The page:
The old apartment: The Safety Hazard – since we’ve been here, there have been multiple fully-involved fires at these complexes. There have been break-ins. There have been arrests. There is a major drug-dealing problem, confined to about two units. Police don’t always respond in a reasonable timeframe. And yes, we have now witnessed a gang fight…probably 2 of them.
(The new apartment: See above about the cleanliness and excellent maintenance, and lack of gang activity tolerance.)
The old apartment: The Parking – call me a snob (it’s OK, you can do it), but over the past nearly-2 years, I’ve grown very weary of seeing so many cars parked in premo spaces for weeks on end without moving. A single guy (extremely unkept) owns about 4 absolute piece-of-crap cars, all over 25 years old, and all lacking full coats of paint. Headlights that should close into the hood are stuck open. His ugly-ass mini-van actually had a flat for weeks before he realized it. Tired of our nightly struggle to find decent parking after 5pm, we complained to management. Their response? They didn’t even have a set limit on how many parking spaces each unit could occupy at once. No policy whatsoever to enforce.
The new apartment: there is no such parking problem because they actually planned for enough space, and there are hardly any vehicles over 10 years old (in other words, no beaters). In fact, I think our pickup truck is going to be the most beat up vehicle of all of them.
The old apartment: The Dark – we have 3 whole windows. Granted, they’re large – 2 patio doors and 1 full-length bedroom window. But it almost resembles tenement housing in the Bronx. And you look out into a parking lot. No trees, no ambiance. Even though we face southeast, and even in the middle of the day (or the morning, even), our apartment is like a black hole. Yes, even with all blinds wide open.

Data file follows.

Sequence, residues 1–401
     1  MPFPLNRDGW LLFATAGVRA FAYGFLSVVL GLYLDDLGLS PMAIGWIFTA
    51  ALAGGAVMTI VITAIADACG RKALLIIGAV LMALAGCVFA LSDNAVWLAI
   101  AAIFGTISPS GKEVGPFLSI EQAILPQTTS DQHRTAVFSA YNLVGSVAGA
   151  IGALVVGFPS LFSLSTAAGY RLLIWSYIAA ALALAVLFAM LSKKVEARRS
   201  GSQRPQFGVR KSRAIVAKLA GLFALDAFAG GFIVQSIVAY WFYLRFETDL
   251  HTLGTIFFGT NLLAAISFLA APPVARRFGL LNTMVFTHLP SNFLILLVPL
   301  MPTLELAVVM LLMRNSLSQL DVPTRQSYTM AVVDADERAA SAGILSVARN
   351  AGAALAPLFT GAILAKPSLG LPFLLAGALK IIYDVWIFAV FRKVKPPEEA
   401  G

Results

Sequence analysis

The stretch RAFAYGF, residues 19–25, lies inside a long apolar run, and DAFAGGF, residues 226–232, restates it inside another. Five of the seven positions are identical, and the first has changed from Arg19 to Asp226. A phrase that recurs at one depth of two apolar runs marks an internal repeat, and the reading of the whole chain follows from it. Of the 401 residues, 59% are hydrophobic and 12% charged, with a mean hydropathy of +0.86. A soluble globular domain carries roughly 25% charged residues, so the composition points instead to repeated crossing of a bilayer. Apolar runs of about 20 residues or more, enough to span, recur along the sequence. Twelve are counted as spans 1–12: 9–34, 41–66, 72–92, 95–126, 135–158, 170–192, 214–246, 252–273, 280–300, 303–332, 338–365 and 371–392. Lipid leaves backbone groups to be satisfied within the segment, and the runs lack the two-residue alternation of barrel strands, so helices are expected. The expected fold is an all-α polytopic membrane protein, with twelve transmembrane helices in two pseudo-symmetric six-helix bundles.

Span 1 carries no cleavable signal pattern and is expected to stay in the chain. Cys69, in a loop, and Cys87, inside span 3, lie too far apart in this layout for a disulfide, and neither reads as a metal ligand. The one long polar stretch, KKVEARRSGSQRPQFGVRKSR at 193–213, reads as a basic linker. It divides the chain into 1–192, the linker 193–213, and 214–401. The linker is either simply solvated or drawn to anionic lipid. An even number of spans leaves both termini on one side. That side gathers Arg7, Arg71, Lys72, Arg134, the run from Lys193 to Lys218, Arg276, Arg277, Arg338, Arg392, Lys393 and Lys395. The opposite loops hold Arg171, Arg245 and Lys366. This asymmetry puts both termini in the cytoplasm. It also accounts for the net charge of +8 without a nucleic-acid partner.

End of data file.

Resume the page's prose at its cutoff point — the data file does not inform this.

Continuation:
The new apartment: can we say windows??? The entire west-facing wall of the living room is nothing but quality, solid windows. Both bedrooms and the kitchen have similar wonderful windows. All face west, with a tree in front. Incoming light from the security lights across the campus will be effectively filtered out by real metal (not nearly-transparent plastic) blinds. Woot!
The Kids’ Health – I am fed up with watching Maddie deteriorate in response to being stuffed in what is essentially a shoe box. Half the square footage and maybe 20% of the light that she’s used to, she went months without seeing a bird or dead leaf to play with. She’s not well. Not too far gone yet, but I think the darkness, the cramped-ness, and the roaches have all gotten to her. It’s time to get her the hell out. Murphy too, although he doesn’t seem to be so affected. I’m sure the bug infestations aren’t helping, though.
With the new apartment, Maddie gets her light and space back, and both cats get out of the roaches. She gets a large kitchen, in which she can catch flying kitty crunchies and chase them across the floor, much like playing hockey. We can probably bring her crock pot back and set it on a counter so she can curl up in it again.